Grand Canyon Escape
Apr 09, 2020
Bright Angel Trail starts at the top along the south rim and snakes over 19 miles as it leads you to the bottom of the Grand Canyon and back up. They say the average time to make the trek is 48 hours. It’s a two-day commitment. Admittedly, it took me almost three full days. Along with my 4x5 camera I also carried sheet film holders, a tripod, several large format lenses, light meters and all together about 40 pounds of assorted camera equipment as well as a tent, sleeping bags, food and water. It was a full load!
I hadn’t planned for three days as I believed what I had heard about the 48 hours it would take. The extra weight in my backpack and the frequent stops to photograph the beauty all around me slowly added up to another full day. In the end, it would take me one day to get down and two days to hike up. On the second day of the hike back up the 19-mile trail and the 5,000+ foot elevation climb upward, I woke to two Fig Newtons remaining of my food supplies. I laugh now when I tell my story of my time in the park and having only the two Fig Newtons to nourish and fuel me on my third day of hiking. At the time, it didn’t seem as amusing. Also, at camp that night before waking to my Fig Newton surprise, and in much need of a good night’s sleep and replenishing rest, one of other hikers snored like a bear that rumbled throughout the entire camp keeping everyone awake throughout the night.
Needless to say, I struggled the next day as I was only halfway back up. But, there is always a “but”…., but it was well worth it. I came away with great memories and was rewarded with so many exceptional views of such a special place. Grand Canyon at Dusk, Hopi Point is one of my all time favorite elegant landscape of the hundreds of places I’ve visited.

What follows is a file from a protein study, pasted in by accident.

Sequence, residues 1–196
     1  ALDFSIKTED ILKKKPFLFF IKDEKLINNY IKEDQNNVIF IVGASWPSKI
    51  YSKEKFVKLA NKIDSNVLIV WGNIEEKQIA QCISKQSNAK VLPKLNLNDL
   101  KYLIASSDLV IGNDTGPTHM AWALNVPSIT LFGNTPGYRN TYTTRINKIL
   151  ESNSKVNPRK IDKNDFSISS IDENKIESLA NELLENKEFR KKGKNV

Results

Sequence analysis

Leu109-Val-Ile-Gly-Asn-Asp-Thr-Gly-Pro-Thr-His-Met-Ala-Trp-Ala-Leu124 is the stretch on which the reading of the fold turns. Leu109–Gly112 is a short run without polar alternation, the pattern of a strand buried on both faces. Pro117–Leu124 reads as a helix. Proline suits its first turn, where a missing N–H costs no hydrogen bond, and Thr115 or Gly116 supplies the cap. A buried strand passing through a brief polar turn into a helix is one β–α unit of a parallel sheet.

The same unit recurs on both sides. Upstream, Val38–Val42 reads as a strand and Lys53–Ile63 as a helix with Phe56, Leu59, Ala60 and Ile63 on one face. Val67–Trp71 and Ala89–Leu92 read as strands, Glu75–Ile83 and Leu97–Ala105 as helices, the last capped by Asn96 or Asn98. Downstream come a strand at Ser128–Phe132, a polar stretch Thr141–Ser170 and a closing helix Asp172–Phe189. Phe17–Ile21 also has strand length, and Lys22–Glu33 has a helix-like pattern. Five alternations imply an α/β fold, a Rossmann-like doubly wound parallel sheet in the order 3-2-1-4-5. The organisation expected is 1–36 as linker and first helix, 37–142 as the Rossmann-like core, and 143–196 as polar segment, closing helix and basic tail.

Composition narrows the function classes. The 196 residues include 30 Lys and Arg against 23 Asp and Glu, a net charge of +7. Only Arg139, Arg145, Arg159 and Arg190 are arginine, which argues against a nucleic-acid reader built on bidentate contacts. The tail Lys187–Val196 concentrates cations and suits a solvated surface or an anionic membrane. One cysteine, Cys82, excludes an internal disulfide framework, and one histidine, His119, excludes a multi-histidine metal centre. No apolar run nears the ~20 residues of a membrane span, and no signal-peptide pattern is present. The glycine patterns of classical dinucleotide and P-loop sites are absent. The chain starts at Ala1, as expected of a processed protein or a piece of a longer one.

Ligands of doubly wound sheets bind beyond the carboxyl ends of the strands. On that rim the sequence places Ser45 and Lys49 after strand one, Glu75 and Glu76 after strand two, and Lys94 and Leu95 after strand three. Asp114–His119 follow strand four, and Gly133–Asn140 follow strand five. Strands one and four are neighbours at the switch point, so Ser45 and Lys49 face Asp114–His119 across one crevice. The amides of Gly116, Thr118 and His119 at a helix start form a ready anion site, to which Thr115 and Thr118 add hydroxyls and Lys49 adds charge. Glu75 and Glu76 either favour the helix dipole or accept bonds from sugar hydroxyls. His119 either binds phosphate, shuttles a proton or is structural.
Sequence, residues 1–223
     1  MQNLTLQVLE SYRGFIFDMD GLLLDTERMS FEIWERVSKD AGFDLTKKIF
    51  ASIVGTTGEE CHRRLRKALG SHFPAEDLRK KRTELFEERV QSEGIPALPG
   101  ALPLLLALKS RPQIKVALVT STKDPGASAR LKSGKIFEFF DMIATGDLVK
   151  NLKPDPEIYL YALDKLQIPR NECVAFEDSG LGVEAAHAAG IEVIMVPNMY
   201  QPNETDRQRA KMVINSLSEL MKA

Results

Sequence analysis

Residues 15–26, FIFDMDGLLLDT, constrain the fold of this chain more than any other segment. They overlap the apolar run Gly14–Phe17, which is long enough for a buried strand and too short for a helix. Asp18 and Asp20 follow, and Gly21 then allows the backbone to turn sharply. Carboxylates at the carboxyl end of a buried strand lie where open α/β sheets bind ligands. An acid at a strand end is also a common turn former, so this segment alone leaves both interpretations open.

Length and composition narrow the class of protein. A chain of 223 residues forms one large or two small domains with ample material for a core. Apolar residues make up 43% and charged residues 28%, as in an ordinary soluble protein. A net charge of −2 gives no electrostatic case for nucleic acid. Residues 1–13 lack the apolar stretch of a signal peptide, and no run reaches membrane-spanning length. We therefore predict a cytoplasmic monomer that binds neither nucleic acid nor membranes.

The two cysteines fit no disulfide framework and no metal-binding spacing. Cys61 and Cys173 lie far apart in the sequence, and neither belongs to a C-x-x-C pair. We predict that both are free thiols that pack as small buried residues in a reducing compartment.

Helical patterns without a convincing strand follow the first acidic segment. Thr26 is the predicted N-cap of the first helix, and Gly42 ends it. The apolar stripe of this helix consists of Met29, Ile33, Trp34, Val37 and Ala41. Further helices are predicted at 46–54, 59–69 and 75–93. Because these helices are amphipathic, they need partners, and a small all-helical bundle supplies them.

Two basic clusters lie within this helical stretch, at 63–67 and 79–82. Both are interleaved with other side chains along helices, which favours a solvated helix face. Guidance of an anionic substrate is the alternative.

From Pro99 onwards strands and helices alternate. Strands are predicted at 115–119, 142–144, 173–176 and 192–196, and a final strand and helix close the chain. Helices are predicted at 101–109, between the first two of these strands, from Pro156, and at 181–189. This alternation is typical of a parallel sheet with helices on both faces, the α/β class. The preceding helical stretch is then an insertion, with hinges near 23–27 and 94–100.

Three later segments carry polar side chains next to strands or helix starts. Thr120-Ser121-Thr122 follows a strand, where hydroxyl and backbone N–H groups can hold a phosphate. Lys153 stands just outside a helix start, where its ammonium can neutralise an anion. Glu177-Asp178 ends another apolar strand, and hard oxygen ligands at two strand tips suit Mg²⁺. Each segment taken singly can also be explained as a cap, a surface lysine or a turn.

At the end of the hike and at the top of the trail, having conquered Bright Angel, I dropped my backpack with a few thousand dollars of camera equipment at the entrance to one of the parks food service vendors. At the time, there was little concern for my equipment as hunger had my full attention. After two cheeseburgers, several large sodas, a pile of fries and lots of ketchup, I made my way to Hopi Point for the conclusion of three exceptional days.
Dusk was approaching by the time I made it to Hopi Point along the south rim of the Grand Canyon. I set up the camera, took a handful of light readings and snapped a few test shots waiting for the sun to do its magic. Sometimes when the sun is low on the horizon, the light waves are stretched passing through the earth’s atmosphere and a reddish-orange color can appear. This was one of those times and I considered it God’s gift to me at the end of three highly demanding days. I remember smiling at that thought when the color of light began to change while I sat and waited for Hopi Point to light up. This is what I saw...
I photographed this in both vertical and horizontal formats. Sometimes people have a preference for one over the other. If you look closely, the two have a very slight shading difference. As the sun sets, light conditions change fast....4x5 large format camera equipment doesn't. The extra time to switch the camera back from one format to the other and to manually refocus the image on the ground glass, took maybe a minute even though I working quicker than I normally would have. That small amount of time gave nature enough time alter the light. I love both versions and have one hanging in my own office. They look great on metal.
Three days is the canyon. Worth every minute. And I still eat Fig Newtons.